If you live a long way from your property, or even abroad, you will have no choice but to use a professional managing agent to look after the tenancy and to periodically re-let to new tenants. If you do this always use an agent that's a member of one of the professional agent's associations like ARLA, NAEA or NALS. These agents carry insurances and bonds to cover your deposits should anything go wrong with their business.

Using an agent costs up to 15% of your rental income per annum, so this is potentially an area you can make big savings if you learn to manage the tenancy yourself. However, this is not a task you should take on lightly. There's a lot to learn to become a proficient DIY managing landlord so perhaps it's a good idea to use the services of a professional agent at first. However, many experience landlords mage several properties themselves, and many of them have a full-time career as well. A web site like LandlordZONE is designed to help and there are many books around which will guide you.

What type of person makes a good landlord?

You need to be fairly confident at dealing with people from all walks of life and a fairly good judge of character. It helps if you have some good DIY skills, especially in the early days when money is tight, but later on you can pay others to do the minor maintenance and decorating for you. You also need reasonable administration skills to account for income and expenses and keep books in order for the Revenue and Customs.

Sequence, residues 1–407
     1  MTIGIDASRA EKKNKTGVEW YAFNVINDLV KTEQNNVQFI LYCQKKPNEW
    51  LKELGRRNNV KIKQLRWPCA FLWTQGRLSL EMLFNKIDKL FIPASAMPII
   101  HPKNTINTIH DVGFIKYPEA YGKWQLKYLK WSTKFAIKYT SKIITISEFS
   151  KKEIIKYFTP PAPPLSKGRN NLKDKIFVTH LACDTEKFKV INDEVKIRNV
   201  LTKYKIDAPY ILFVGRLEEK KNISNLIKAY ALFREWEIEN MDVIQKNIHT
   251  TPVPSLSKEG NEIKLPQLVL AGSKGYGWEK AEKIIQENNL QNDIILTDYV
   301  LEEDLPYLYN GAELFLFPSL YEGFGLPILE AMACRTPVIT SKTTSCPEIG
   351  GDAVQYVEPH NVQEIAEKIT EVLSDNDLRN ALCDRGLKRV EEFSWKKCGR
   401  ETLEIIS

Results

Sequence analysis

You need to be able to take a reasonable amount of risk and handle problems without too much stress. You will always get the odd problem when you are a landlord, whether this is a people problem with a tenant, agent, tradesman of local official, or a technical problem like a heating boiler that fails to ignite on a cold winter's evening. The trick is to learn to take these things in your stride, learn lessons from your mistakes and move on.

What should I do to my property to make sure it lets easily?

Generally, rental properties need to be clean, tidy and well maintained from the outside so that they have "kerb appeal" when prospective tenants drive past. Inside, again they need to be clean and tidy with a good standard of furniture and furnishings, decorated in neutral colours for all coverings, soft furnishings and carpets so that they appeal to most tastes. Don't let your tenants change this unless they are willing to pay for re-instatement. Tenants look for good facilities like showers, baths, central heating, dish washers etc, so don't skimp on these otherwise you could find yourself having trouble letting against the competition. Budget for regular up-grades and decoration between lettings to keep the place sparkling, but don't over furnish. Many tenants prefer to bring their own furniture. Don't set the rent too high. Being a little under the competition may just mean you let that little bit quicker and ain more in the long run.

Do I need to get any sort of permission before letting?

The main permissions from others you will need include: your freeholder if you own only the leasehold, your insurance company to make sure you are covered for landlord's liabilities, not just household risks, your finance company if you have a standard mortgage. In some letting situations such as where you have multi-occupiers (HMO) you may need planning permission and a landlord's license to operate.

Will I need a licence for the local authority before I can let?